Apparently, there is one, from Morgan Stanley:
Through cost out, FX and oil price Fortescue has stayed ahead of the declining iron ore price. Our positive stance relies on the iron ore price rising; FMG can survive at lower prices but the investment case is compromised. Contrarian OW retained, with attention firmly on the iron ore market.
Where do we see breaking point now? At a US$63/t spot price (scenario pg 4) the US$46/t all-in cost we project, which includes tax, interest and dividends, leaves a US$1/t margin. This carries a ~US$3/t buffer on the spot freight price so a sub-US$60/t iron ore price is where things become untenable in our view.
The revenue non-mismatch: Using quarterly realised price and volumes there was a US$124mn, or US$1.5/t, shortfall in revenue (US$4.8bn). The difference being some FOB sales, which net off at the cost line, and quotational pricing which should normalise over time.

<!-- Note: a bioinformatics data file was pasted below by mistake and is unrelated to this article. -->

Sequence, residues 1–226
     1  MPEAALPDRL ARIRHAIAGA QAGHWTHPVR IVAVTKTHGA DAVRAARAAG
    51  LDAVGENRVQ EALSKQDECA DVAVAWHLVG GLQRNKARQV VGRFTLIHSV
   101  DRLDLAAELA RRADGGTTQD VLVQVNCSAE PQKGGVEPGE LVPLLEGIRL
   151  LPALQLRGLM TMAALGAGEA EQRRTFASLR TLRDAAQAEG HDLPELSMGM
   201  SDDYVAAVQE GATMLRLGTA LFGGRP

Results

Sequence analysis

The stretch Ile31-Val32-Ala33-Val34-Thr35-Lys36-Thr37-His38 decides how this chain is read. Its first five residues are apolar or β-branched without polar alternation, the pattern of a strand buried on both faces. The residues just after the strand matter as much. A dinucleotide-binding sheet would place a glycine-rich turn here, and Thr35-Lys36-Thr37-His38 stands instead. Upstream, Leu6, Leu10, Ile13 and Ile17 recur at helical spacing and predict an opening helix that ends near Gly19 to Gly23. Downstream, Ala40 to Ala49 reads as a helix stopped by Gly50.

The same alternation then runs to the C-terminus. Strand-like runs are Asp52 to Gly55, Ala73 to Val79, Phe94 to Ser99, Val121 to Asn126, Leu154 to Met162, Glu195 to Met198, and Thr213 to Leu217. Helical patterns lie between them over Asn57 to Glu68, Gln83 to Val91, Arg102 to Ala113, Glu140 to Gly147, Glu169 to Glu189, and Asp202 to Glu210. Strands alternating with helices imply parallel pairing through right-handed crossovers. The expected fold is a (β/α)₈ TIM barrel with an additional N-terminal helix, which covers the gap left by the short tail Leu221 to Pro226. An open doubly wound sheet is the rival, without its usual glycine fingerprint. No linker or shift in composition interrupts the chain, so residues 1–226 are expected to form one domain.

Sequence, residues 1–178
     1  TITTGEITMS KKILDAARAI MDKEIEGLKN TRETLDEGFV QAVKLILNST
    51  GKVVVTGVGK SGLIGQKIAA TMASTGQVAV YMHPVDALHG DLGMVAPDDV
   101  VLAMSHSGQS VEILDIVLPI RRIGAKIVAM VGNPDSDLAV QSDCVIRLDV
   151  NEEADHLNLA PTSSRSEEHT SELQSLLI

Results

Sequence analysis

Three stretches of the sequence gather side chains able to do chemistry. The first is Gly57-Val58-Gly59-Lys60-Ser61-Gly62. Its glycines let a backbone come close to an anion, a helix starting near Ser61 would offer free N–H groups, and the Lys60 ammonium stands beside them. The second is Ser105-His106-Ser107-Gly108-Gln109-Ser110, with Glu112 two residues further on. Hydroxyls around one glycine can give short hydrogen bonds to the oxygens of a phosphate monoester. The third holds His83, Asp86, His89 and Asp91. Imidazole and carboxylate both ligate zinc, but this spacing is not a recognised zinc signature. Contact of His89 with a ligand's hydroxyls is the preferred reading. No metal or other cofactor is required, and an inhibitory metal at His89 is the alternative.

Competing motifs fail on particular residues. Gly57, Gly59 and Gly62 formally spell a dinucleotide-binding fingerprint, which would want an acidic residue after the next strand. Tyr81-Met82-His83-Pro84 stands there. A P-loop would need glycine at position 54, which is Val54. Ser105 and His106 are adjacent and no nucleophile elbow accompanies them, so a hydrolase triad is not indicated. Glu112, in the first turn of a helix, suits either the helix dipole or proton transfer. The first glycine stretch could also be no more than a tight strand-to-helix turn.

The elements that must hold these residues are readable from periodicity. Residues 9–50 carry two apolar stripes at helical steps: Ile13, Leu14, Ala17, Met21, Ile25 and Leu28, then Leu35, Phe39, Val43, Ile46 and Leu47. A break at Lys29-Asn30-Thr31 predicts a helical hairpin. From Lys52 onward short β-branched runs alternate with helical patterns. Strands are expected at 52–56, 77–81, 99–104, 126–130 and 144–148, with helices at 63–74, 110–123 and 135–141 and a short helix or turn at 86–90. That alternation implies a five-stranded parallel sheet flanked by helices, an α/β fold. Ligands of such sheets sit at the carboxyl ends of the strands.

Still has cash in reserve: A tax payment catch-up came in below the provision, due to a favourable FX translation and extra prepayments saw FMG end the half with US$1.5bn in cash. In this context retaining a modest dividend was reasonable in our view. Gearing is still high at 50% (ND/ND+E), but holding back US$0.2bn in dividends wouldn’t change this.
Where could FMG surprise? Further cost-out or incremental sales, as we have flat assumptions for both. The Iron Bridge JV gets almost no value in our NAV – successful commissioning of the 1.5Mtpa pilot plant would be an incremental positive. Further prepayments incoming used to reduce debt would also be beneficial.
That’s all gobbledygook, really, if the iron ore price rises it will fly for sure on its reduced cost base. But the price has to stay high to deliver the earnings, which is very unlikely, so the percentage play is surely to short spikes not go long dips.
But hey, that’s what makes a market!